Rose had just asked herself the same question and answered slowly but truthfully. “I don’t know.” She might have had a different name. Did that matter? “I am who I am, I don’t need a birth certificate to tell me that.” Was that the Pointer Sisters, or Gloria Gaynor. Again, a feeling of wonder that she could make a joke. She picked up the yellow diary again. Why would parents give a new baby away?
“Don’t Rose. Leave it now.”
But Rose didn’t want to leave it, she read the page again. It said the same as it’d said before. She turned the page, there were no more entries. No more clues. How could her mother stop writing there, why didn’t she explain?
“Oh, My, God. Mum can’t be writing about me.” She wanted to curl into a ball and disappear. “Not me.” The sides of the armchair wrapped around her, holding her upright. The words stabbed her, each one a tiny knife cutting away the memories of her childhood sliced into shards at her feet. Rose looked at the carpet as if she’d never seen it before, hadn’t learned to waltz with her father there, didn’t recognise the patch by the front window where the carpet fibres were impregnated by decades’ worth of pine needles from the real Christmas trees her mother insisted were more stylish than the cheap silver tinsel tree Rose longed for.
Lily stood up. “This is ridiculous. Where’s Dad? I’m going to ring him.” She disappeared into the kitchen.
Rose focussed on the carriage clock, the weights moved round like a merry-go-round, circular, predictable, unstoppable, just like time and time didn’t lie. The thing was, Rose knew what the diary said was true. She felt it. Her eyes searched the sitting room, the room where she’d done her homework with the television turned down to a whisper, the room where Lily and William had stood in front of the mantelpiece and announced they were engaged, the room where she’d hugged her father before they left for Mum’s funeral six months ago. A pair of figurines flanked the mantelpiece, left and right, each with an arm raised in a salute towards the ceiling except the one on the right had only half an arm. It had been like that since Rose was ten when a failed attempt at keepie-uppie had amputated it at the shoulder. Her mother had heard the bang and seen the shards on the floor, and banned football inside and out.
Lily returned. “His mobile’s turned off. He must be on his way home.”
Rose stood up too. “Let’s walk round to meet him.”
She put the diaries in the boot of her car, then they walked to the allotment. The gates were padlocked. It was getting dark.
“Hello,” called Lily, “Dad?”
Rose called out too. All quiet.
They walked home again, checking their watches every few minutes.
“Something’s happened to him,” said Lily, her breath coming out in sharp gasps, “it must have done. Why wouldn’t he just come straight home?”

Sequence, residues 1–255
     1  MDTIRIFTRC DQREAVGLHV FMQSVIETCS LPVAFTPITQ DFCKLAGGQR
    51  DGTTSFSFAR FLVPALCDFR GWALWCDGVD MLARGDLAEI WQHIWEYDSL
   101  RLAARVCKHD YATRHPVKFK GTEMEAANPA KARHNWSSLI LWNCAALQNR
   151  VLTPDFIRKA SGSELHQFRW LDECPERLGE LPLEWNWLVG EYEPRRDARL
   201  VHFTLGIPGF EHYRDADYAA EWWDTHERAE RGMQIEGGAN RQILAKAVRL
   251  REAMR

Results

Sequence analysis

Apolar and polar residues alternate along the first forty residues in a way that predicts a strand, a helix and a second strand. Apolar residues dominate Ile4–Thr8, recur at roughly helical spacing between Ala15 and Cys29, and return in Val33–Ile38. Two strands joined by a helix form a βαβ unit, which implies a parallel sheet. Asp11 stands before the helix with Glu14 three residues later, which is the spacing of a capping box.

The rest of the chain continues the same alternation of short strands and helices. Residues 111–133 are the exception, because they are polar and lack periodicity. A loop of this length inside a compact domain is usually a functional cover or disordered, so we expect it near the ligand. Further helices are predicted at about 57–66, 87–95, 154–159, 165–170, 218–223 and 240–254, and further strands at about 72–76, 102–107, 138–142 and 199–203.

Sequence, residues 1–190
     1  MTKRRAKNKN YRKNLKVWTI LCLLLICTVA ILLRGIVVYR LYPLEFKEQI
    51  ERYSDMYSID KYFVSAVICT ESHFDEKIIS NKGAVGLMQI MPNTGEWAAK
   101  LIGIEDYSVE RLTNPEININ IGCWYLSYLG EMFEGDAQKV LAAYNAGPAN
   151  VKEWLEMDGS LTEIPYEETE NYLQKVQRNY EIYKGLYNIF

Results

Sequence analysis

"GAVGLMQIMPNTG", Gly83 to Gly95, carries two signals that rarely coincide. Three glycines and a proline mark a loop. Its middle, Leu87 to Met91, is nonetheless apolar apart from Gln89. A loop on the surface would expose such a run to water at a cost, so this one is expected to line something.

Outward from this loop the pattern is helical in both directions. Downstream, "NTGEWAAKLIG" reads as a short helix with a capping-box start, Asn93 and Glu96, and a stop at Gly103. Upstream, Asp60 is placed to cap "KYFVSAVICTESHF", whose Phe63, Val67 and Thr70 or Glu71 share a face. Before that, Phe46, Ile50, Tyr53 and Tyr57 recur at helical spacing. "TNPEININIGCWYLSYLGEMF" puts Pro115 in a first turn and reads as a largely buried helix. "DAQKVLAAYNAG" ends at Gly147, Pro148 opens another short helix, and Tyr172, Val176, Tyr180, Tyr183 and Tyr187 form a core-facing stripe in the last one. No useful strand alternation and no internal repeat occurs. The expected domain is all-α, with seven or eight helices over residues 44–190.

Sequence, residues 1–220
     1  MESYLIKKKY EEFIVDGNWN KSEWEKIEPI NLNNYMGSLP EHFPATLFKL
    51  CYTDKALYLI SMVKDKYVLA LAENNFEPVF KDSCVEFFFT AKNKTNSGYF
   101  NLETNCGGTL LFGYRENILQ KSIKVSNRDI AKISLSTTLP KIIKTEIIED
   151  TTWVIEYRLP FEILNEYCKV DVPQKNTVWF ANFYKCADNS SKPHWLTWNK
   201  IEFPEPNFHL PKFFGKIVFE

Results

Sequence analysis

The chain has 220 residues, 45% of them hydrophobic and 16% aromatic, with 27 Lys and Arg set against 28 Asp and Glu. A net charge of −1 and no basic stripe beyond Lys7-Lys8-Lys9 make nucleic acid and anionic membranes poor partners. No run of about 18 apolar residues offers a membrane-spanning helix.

“He’ll be fine, chatting to someone probably.”
“No, he’s had an accident, he’s stabbed himself with his shears…”
Uh-oh, thought Rose, next she’ll be saying he’s been run over.
“… he’s been run over. We have to go, Rose. Come on!”
So they did the most obvious things. They got in the Mini and drove around, calling his mobile every ten minutes. Nothing. They went back to the allotment, then to each of the nearby pubs asking ‘Has anyone seen John Haldane?’ Nothing. They drove to A&E at Kingston Hospital. Nothing there either. Finally they waited 20 minutes at Petersham police station while a very slow desk sergeant checked his database of incidents. Nothing.
Rose suddenly felt exhausted, every thought was an effort and Lily’s panic was making her sink deeper.
“I tell you what we should do,” she put her arms around Lily and tried to soothe her, her mind still active enough to register a selfish need to be soothed herself. “We should go home and get a good night’s sleep. Dad’s a grown-up, he can look after himself. It can wait till tomorrow.”
“We should at least report him missing.”
“You heard the sergeant, it’s too soon. We can’t do anything for 48 hours. The sergeant’s got our details. But Dad’s fine, I know he is.”
They drove to Barnes in silence. Rose declined Lily’s offer of tea and sympathy, just wanting to be home, quiet and alone. But her car wouldn’t go there, instead it stopped in a lay-by halfway to Wimbledon, and Rose pulled on the handbrake. She sat and thought of her mother and father, her mother’s face as the pain of cancer overwhelmed her, her father’s empty eyes as he stood at the graveside. Car horns hooted and lights flashed as she did a u-turn and drove back to Richmond.
© Sandra Danby
…in IGNORING GRAVITY #22: the hours of the night pass slowly for Rose as she waits for her father.
This is the 21st instalment of ‘Ignoring Gravity’ about identity detective Rose Haldane. To start reading from the beginning, please click on the category ‘My Novel: Ignoring Gravity’ in the right hand menu.